Sign & Digital Graphics

November '19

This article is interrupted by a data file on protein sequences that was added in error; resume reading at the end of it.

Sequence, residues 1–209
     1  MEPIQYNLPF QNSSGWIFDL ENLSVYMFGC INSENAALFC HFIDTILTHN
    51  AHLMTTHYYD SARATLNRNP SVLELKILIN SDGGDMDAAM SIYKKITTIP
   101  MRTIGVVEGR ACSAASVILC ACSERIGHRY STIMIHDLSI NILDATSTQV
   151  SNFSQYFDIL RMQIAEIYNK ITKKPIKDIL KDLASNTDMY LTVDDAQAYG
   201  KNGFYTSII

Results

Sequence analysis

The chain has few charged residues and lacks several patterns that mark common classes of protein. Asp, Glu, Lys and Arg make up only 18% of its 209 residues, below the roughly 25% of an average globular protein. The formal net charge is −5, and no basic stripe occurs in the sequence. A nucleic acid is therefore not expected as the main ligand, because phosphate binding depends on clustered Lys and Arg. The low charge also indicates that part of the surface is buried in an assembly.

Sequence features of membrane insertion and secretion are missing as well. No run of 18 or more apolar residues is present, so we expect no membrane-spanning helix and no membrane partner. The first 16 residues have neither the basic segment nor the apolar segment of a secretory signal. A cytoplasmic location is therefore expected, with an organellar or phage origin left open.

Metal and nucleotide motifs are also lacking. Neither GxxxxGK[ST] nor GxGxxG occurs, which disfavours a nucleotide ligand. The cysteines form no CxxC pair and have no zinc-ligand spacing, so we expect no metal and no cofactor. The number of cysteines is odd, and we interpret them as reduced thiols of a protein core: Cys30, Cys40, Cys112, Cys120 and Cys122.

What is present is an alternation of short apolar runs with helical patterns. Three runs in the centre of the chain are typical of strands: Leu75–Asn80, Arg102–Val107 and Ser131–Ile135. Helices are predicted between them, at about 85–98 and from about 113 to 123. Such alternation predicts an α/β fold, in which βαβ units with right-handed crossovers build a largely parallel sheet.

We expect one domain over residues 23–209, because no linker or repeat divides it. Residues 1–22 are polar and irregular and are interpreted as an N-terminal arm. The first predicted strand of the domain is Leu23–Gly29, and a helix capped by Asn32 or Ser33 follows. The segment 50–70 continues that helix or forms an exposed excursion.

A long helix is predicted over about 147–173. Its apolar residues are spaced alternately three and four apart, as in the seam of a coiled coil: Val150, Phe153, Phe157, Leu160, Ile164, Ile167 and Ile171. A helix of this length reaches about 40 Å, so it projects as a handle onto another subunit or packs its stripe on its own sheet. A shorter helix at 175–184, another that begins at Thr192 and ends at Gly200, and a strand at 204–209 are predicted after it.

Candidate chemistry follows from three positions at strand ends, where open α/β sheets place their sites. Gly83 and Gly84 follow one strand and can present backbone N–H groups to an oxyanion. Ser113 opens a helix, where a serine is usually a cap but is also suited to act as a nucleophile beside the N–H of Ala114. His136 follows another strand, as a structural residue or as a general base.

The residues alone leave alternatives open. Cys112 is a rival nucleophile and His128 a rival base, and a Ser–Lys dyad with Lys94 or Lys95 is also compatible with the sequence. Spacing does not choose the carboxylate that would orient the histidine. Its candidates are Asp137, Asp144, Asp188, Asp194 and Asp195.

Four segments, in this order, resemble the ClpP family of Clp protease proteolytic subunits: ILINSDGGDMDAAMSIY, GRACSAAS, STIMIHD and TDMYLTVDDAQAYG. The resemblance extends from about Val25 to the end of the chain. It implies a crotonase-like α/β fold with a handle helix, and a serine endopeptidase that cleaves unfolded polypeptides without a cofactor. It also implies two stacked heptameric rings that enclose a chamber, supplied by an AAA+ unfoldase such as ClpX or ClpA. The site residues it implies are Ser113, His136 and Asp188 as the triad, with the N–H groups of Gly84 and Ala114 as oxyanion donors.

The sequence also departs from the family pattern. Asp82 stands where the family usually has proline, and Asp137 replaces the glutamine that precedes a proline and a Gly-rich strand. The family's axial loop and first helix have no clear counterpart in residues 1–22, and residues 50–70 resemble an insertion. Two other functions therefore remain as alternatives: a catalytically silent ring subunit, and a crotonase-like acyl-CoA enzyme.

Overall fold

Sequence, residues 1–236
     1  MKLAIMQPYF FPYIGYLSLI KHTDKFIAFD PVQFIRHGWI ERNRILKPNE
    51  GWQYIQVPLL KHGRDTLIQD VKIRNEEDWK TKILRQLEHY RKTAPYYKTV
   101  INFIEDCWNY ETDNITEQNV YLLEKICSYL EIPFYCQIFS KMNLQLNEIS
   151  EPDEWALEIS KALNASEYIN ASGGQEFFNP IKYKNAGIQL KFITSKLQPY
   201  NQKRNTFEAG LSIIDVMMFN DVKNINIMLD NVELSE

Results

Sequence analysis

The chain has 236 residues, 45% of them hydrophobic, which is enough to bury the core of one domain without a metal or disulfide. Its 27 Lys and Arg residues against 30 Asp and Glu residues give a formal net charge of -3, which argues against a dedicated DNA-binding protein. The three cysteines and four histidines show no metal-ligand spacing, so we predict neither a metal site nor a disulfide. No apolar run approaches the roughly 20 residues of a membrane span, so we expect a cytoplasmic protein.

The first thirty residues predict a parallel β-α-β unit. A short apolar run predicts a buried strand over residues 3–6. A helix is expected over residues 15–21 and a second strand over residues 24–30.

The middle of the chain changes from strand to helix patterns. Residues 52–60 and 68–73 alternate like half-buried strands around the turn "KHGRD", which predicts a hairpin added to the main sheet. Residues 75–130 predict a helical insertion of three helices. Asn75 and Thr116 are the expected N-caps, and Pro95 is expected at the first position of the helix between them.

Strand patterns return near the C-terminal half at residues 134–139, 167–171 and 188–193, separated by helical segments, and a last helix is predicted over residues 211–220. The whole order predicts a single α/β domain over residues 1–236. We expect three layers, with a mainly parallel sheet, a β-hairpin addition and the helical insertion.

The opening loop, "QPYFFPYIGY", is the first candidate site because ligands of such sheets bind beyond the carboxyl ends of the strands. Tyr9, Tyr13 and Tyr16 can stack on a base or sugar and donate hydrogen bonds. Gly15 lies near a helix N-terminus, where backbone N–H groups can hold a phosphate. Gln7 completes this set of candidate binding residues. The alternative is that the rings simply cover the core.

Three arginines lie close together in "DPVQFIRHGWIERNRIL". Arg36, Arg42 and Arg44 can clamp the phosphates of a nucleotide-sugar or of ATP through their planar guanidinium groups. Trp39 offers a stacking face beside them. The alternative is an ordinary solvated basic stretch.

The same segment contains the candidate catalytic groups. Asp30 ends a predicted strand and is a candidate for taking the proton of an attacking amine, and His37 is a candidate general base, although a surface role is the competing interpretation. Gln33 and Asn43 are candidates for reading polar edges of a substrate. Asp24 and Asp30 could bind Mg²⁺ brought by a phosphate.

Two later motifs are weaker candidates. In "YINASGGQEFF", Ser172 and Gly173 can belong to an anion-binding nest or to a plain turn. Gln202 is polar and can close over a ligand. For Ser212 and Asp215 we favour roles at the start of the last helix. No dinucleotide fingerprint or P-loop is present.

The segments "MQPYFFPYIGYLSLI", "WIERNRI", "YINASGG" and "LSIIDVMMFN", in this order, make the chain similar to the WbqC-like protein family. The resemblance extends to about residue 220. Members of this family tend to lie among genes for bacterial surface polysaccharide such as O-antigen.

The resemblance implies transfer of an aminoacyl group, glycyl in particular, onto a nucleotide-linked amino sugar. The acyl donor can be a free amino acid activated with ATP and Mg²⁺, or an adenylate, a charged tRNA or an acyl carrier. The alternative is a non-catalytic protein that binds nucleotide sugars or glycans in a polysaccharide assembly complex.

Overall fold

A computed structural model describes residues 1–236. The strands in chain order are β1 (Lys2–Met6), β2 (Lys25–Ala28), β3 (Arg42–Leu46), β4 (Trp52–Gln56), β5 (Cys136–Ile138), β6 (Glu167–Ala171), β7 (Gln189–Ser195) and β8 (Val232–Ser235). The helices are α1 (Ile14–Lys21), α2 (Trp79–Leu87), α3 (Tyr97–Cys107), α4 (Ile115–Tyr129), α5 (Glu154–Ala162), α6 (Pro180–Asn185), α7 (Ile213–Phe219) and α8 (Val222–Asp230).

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S I G N & D I G I T A L G R A P H I C S • November 2019 • 45 When printing on metal, we use an air-dry enamel ink (Nazdar series 5000 ink), and let the ink cure a couple of days before boxing up a job. We use Nazdar's 9700 ink with a catalyst for printing on fluted plastic, which does a great job, and does not dry excessively fast. The same type of ink can be used on vinyls and some plastics. Only a few of our screen jobs are actu- ally printed by hand though. We have had an M&R Saturn 25/38 clam shell press for 20 years or more and get a lot of use out of it. Machines like that are available new, but can also be purchased used from $5,000 to $10,000, typically found online, and if in good working condition a used unit like ours will be well worth the price. So, that weekend, as you can see in the photos, I burned stencils in multiple screens, made sure my pipeline sign blanks were cut and punched before my staff left, and figured out a game plan that would not overwhelm my screen print work area. The several hundred metal signs would have to stay in drying racks for a while, but the fluted plastic signs would dry quickly and could be boxed up after a few hours. Our dying racks are all basically homemade, and you can see some of them in the photos. For drying metal pipeline and safety signs, a collection of four-foot-long pieces of 2 x 4 with mul- tiple grooves cut in them with a radial saw have been drying our smaller-sized metal signs for decades. Standard 18" x 24" corrugated plastic signs go in a set of drying racks I had my dad make from scraps of MDO, fin- ish nails and small strips of fluted plas- tic. This drying rack system, which holds 100+ signs, is also shown in these photos. I have another metal version of this rack for drying corrugated plastic signs, which is on castors and is pulled from storage whenever needed. So, for many years we have offered in-house screen-printed sign work to our clients, and we have a modest investment in the equipment needed to do this type of work, and have never ran out of work Small pin holes or flaws in a screen stencil are touched up with a small brush and a bit of liquid screen emulsion.

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